Pruning: Good for Plants and Organizations too
The more I strive to achieve success with my gardening efforts ( it’s been a work in progress I must admit) the more powerful the leadership lessons learned. Take the act of pruning as an example of one such lesson. I used to subscribe to the belief that as long as I provided water and proper amount of sunshine-my plants will naturally do well. Actually they do okay, but I have since discovered that if I want my plants to give me better blooms and more fruit, to stay healthy and beautiful or train new plants to grow into their full potential- then I better get out the pruning shears!
In the gardening world proper pruning not only improves shrubs and trees in many important ways- but the opposite is true; improper pruning can be more harmful than no pruning at all. Take for example a coaching session I recently had with a client. He is currently managing two senior level positions. One of the positions requires him to be out in the field alongside his direct reports, providing leadership, development and of course getting his hands dirty at times too- he loves this job. The other senior level position is the opposite. In the other position, he would be performing more administrative roles which would translate into more time in the office behind a desk and less if any at all, out in the fields- getting his hands dirty.
He is smart enough to know how to maintain his level of satisfaction and sense of purpose and meaning regarding his career. He shared that he learned a long time ago not to take a position because of the money and or the title. He had done the requisite pruning of his values where his career is concerned- making the decision about these two positions is reasonably easy for this client.
Not so for another client. She is still learning the principles of pruning where her career is concerned. She was recently promoted as a middle level manager 2 years ago and again this year as a director. This client struggles with how to produce more or better blooms and/or fruits in her direct reports. She struggles with knowing how to develop or maintain desired outcomes- in the gardening world this is equivalent to achieving desired size or appearance for plants. The challenge doesn’t end here for this client, she struggles to develop new and current direct reports to encourage them to grow in a balanced way that ensures they show up eager to give their best.
When asked about current situation the response was one that demonstrated unlike the first client, she had not done the requisite pruning of her values. To move this client forward will require her getting clear on the values she is using to lead her and consequently her readiness to serve her organization at this level. This will be a process that takes some time as it will involve multiple levels of leadership development with particular emphasis on emotional intelligence. Different types of pruning shears will be used with this leader.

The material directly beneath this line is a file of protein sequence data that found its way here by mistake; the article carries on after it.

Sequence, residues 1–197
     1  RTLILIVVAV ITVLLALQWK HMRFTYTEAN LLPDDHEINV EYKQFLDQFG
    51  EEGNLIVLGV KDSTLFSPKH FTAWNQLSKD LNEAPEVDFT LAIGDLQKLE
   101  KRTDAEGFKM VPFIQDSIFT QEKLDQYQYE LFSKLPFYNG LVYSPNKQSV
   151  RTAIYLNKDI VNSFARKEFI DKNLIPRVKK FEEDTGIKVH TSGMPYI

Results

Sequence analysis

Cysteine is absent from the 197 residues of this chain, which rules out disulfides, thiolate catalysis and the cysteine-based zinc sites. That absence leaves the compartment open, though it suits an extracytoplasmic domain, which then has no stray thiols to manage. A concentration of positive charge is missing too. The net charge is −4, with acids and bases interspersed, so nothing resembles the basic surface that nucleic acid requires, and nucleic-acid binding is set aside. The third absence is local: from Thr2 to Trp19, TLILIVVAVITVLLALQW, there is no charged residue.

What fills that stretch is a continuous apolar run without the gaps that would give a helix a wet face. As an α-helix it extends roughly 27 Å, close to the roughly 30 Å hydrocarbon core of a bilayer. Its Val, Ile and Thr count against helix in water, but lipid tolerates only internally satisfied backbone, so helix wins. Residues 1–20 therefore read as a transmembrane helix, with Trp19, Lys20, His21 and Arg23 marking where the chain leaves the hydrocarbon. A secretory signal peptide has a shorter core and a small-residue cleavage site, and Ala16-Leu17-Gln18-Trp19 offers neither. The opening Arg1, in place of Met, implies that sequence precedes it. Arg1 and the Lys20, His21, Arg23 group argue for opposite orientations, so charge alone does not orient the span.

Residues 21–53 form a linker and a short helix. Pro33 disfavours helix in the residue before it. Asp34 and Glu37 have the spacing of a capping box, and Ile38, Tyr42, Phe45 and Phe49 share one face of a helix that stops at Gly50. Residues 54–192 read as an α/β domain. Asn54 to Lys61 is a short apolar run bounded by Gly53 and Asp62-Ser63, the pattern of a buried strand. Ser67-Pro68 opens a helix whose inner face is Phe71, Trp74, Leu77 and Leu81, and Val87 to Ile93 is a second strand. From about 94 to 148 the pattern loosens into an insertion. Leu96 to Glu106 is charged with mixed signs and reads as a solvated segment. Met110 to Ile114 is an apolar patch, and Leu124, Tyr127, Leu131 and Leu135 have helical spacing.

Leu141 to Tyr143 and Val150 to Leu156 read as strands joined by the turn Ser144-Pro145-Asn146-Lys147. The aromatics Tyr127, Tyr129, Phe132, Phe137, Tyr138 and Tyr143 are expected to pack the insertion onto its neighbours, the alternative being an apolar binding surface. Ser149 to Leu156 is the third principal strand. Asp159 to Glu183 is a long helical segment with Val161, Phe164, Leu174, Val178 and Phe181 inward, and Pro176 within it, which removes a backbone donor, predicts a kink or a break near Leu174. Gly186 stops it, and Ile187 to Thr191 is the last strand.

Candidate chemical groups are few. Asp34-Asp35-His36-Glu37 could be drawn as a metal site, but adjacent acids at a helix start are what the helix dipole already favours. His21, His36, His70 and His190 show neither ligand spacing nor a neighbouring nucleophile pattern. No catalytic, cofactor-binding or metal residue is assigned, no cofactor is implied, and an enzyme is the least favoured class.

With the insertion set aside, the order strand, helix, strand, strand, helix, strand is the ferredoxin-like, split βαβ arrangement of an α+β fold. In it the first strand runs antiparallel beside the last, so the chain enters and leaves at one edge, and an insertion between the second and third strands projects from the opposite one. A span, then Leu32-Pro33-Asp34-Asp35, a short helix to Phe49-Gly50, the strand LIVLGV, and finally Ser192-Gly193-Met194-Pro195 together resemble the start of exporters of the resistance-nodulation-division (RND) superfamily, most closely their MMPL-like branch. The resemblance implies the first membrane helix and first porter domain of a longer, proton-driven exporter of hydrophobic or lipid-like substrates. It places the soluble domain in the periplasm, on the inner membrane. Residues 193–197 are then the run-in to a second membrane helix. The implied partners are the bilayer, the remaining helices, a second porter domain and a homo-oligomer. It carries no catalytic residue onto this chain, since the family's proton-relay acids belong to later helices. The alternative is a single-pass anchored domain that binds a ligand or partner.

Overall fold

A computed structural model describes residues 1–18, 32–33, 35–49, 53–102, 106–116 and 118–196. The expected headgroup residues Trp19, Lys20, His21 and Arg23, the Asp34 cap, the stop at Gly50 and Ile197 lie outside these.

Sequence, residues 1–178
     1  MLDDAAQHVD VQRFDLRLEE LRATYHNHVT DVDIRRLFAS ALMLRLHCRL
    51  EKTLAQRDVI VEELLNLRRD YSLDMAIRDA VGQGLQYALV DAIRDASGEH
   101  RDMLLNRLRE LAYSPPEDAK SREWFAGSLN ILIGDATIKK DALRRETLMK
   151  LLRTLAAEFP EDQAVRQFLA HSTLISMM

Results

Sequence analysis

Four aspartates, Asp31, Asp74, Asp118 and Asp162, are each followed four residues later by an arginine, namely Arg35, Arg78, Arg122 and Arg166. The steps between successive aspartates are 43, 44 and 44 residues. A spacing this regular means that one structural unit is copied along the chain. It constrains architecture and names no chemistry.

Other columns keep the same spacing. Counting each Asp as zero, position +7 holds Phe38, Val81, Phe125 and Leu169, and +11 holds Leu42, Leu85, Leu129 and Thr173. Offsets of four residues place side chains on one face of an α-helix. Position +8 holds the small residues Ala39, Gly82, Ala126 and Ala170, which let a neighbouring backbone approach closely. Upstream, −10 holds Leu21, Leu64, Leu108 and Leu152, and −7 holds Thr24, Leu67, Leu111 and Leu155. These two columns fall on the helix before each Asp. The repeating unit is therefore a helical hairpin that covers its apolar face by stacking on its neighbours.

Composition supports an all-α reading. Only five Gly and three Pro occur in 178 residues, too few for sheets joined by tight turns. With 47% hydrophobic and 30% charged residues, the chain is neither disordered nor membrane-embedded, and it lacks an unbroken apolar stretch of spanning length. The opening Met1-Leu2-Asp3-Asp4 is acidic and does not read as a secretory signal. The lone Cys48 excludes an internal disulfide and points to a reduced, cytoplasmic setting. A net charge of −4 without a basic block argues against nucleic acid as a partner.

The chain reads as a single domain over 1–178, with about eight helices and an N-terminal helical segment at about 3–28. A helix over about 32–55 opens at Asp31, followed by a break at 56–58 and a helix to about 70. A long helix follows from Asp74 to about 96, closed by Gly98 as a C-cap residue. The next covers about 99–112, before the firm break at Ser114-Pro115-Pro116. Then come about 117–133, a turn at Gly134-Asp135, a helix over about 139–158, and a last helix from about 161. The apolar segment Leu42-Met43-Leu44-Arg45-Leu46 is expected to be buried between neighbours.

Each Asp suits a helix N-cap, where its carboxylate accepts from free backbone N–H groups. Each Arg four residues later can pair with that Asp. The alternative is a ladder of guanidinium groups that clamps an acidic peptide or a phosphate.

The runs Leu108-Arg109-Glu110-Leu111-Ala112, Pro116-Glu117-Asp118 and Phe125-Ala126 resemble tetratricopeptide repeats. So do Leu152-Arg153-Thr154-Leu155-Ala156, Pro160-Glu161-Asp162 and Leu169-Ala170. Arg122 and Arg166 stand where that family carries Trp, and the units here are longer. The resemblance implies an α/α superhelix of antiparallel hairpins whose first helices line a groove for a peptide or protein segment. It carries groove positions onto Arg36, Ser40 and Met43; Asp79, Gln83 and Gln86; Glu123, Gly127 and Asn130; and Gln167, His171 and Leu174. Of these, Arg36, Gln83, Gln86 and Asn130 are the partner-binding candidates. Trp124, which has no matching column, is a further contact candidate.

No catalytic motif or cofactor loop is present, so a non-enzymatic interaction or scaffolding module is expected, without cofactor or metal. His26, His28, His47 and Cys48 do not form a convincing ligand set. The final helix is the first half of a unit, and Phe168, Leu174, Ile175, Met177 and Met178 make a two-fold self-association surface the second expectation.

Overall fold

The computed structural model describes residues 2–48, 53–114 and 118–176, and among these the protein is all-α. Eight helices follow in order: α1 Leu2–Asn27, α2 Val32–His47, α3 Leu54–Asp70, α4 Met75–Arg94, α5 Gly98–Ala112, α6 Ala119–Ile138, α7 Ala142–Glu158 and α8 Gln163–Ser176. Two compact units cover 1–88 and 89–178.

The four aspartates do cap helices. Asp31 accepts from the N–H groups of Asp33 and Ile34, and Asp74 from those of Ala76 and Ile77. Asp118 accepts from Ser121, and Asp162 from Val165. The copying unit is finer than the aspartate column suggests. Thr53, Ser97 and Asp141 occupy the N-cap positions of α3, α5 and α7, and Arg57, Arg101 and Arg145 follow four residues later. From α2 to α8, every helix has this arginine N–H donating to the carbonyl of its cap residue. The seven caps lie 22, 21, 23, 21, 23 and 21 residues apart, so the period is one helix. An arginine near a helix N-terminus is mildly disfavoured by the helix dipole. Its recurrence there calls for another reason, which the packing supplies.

So how about those employees without formal titles? How do leaders apply the principles of pruning to them? Same approach as with those employees with titles- got to get clear on the values that are driving them. There are those employees as was the case in elementary school-it’s best not to have them work closely with each other. Their growth requires the application of two key pruning principles:
- If they are older employees, been in the organization since it’s inception, likely suffering from neglect, or the mind-numbing sameness of the status quo. This kind of employee needs pruning that is designed to rejuvenate. They need pruning in the form of coaching that helps them remove old habits and or ideas that overcrowd their true potential and prevent them from staying relevant by generating new and vibrant ideas.
- If they are young employees, new to the organization, full of ideas and hope, not clear on the direction they want to go in the organization, they too need pruning but in a different form. They need pruning in the form of coaching that is designed to help train them to grow to their full potential, to remain bold and confident in challenging the process yet not afraid to seek mentoring and training to help them grow in a balanced and meaningful way.
Bottom line is, to really develop employees, organizations may want to take a page out of the gardener’s book on pruning. Following the principal reasons for pruning will save many an organization and its leaders headaches, wasted time, money and most important of all miss out on the potential of employees to produce great blooms and fruits.
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